In summary, with the available data, SARS-CoV proteins S and 3a elicit strong neutralizing antibody responses, whereas protein M only induces a reduced neutralizing humoral immune response. These antigens probably are relevant in the protection against SARS-CoV. In addition, other structural proteins (such as E, M, 7a, 7b, and N), and possibly protein 9b, could also play a role in protection.

4. Role of humoral and cellular compartments in protection against SARS

To study the role of the humoral immune response to SARS-CoV, spike specific monoclonal antibodies that neutralize the virus have been developed (Berry et al., 2004; Subbarao et al., 2004; Traggiai et al., 2004; Zhang et al., 2004). Passive transfer of these monoclonal antibodies or immune serum into naïve mice protected them from infection with SARS-CoV (Subbarao et al., 2004). Using Epstein-Barr virus transformed human B cells, the memory repertoire of a patient who recovered from SARS-CoV infection has been rescued (Traggiai et al., 2004). Some of the monoclonal antibodies exhibited neutralization activity in vitro, and some of them also conferred protection in a mouse model of SARS-CoV infection. In addition, human IgG monoclonal antibodies neutralizing SARS-CoV developed using phage display libraries protected ferret from lung disease and virus shedding in pharyngeal secretions (ter Meulen et al., 2004). In both mouse and ferret models, administration of human monoclonal antibodies with in vitro neutralization activity reduced SARS-CoV titers in the lungs 3 to 6-log10-unit, protecting from lung pathology in ferrets (ter Meulen et al., 2004). Overall, these data indicate that humoral immune responses alone can protect against SARS.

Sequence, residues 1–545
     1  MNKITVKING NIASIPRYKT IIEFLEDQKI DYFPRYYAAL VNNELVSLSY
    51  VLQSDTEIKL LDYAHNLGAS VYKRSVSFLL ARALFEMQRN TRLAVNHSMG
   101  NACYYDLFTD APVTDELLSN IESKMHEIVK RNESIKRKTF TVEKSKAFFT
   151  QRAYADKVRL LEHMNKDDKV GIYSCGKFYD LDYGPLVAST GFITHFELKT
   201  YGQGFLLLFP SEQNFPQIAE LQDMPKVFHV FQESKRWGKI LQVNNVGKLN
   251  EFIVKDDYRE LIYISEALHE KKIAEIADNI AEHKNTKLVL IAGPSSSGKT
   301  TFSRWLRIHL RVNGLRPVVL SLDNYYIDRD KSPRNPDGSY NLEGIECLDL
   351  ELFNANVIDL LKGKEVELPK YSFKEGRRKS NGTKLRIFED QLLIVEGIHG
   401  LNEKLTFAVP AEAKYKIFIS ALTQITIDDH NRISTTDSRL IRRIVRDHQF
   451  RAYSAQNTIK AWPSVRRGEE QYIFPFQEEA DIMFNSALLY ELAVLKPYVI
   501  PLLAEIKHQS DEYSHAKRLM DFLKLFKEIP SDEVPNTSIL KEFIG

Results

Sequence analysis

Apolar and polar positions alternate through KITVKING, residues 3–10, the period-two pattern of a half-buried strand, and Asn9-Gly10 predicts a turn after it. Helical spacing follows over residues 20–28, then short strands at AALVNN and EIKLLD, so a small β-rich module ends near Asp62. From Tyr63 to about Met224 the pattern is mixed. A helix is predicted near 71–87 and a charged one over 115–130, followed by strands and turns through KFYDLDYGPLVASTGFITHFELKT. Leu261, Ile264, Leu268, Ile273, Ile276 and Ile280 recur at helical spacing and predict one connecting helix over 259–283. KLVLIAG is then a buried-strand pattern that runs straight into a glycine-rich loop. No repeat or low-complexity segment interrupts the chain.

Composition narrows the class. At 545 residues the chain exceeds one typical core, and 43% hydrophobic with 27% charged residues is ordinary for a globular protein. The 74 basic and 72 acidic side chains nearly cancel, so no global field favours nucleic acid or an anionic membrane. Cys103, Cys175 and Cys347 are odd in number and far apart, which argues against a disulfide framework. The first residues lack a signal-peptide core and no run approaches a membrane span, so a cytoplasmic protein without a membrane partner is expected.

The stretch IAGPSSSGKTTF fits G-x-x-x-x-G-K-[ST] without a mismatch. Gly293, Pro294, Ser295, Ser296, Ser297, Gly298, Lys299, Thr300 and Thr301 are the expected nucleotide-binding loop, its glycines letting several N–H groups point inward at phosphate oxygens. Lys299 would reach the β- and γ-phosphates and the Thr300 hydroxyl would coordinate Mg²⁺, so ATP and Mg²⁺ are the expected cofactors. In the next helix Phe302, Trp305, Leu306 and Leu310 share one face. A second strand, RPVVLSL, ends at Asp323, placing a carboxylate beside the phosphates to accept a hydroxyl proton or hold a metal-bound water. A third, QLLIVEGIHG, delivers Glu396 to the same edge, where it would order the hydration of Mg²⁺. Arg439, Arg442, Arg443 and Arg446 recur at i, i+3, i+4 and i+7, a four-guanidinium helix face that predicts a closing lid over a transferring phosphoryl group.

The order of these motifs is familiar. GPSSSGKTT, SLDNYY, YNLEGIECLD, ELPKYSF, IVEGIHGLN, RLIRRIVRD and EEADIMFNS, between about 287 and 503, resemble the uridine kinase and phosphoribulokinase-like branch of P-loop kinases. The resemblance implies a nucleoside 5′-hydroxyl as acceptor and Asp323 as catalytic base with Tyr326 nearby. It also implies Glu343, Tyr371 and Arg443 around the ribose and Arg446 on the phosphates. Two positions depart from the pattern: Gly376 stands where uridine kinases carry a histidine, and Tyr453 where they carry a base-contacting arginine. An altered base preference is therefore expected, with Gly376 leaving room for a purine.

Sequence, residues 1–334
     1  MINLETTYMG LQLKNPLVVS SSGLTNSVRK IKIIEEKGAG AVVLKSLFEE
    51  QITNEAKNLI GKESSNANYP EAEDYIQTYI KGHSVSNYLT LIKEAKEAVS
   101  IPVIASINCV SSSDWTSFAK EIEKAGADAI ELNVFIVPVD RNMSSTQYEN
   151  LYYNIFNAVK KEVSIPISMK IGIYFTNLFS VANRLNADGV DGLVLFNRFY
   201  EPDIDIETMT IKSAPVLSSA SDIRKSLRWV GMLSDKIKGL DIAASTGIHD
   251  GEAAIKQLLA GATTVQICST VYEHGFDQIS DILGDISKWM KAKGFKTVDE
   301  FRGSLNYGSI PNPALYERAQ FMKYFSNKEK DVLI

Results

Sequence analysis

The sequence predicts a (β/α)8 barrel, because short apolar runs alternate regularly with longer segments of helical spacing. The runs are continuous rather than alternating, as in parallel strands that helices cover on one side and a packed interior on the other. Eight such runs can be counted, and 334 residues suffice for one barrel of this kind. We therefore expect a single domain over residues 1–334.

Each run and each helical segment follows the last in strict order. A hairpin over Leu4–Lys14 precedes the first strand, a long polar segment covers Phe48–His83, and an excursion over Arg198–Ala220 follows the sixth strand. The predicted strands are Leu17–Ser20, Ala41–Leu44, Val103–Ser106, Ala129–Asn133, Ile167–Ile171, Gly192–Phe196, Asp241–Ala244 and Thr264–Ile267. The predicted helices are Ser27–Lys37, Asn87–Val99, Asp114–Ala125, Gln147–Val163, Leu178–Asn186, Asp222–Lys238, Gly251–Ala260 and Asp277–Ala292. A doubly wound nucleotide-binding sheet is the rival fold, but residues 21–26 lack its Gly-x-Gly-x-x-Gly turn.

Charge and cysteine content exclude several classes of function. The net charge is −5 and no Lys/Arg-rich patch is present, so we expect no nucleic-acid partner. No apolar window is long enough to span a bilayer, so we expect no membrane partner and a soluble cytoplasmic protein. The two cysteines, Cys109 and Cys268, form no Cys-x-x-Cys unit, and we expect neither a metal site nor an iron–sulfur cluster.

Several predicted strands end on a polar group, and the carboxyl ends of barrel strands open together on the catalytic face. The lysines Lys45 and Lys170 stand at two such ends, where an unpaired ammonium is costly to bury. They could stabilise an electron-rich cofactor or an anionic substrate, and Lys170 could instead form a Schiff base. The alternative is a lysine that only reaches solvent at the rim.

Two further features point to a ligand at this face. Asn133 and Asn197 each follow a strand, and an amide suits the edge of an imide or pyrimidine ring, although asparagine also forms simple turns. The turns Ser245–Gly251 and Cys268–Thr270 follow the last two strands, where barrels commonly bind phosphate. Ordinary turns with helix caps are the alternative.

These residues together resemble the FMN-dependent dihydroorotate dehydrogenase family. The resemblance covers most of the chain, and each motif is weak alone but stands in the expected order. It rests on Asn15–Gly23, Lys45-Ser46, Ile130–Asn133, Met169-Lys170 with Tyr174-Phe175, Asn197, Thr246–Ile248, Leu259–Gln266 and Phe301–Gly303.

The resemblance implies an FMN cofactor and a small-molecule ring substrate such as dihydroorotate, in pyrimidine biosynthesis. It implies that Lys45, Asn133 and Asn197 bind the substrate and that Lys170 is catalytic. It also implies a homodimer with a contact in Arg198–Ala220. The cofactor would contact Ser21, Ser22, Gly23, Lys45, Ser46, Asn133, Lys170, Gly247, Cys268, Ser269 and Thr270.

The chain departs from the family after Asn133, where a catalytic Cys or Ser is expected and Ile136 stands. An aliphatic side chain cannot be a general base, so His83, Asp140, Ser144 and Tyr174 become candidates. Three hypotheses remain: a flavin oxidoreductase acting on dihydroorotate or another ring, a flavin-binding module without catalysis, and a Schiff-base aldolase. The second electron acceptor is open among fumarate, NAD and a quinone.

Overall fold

Immune responses to SARS-CoV, elicited by a DNA vaccine encoding a codon optimized SARS spike protein (Yang et al., 2004), or the S1 fragment, induced neutralizing antibodies (Zeng et al., 2004), as well as T-cell responses. Nevertheless, protection from SARS-CoV challenge was mediated by a humoral immune response but not by a T-cell-dependent mechanism (Yang et al., 2004).

Surprisingly, immunodeficient mice can clear a SARS-CoV infection, showing the role of innate immune responses in the defenses against SARS-CoV. C57BL/6 mice that lack NK-T cells (CD1−/−), or NK cells, or those that lack T and B cells (Ragl−/−) cleared the virus by day 9 after infection (Glass et al., 2004) and displayed high induction of proinflammatory cytokines. These data suggest that the NK cells and the adaptative immune response were not essential for virus clearance in mice. Possibly, interferon pathways were relevant in viral clearance. The importance of interferon response was reinforced by infecting Stat1-deficient mice with SARS-CoV (Hogan et al., 2004). Stat1 is important to the regulation of interferons, and Stat1-deficient mice produced one hundred-fold increase in viral titer over control mice. Additionally, the mutant mice developed interstitial pneumonia, not seen in control mice (Hogan et al., 2004) but not alveolar damage, as seen in lungs of human patients. It is unclear at this time if the observed pathological differences between human and Stat 1-deficient mouse lungs were due to time of sampling or to differences in host responses (Hogan et al., 2004).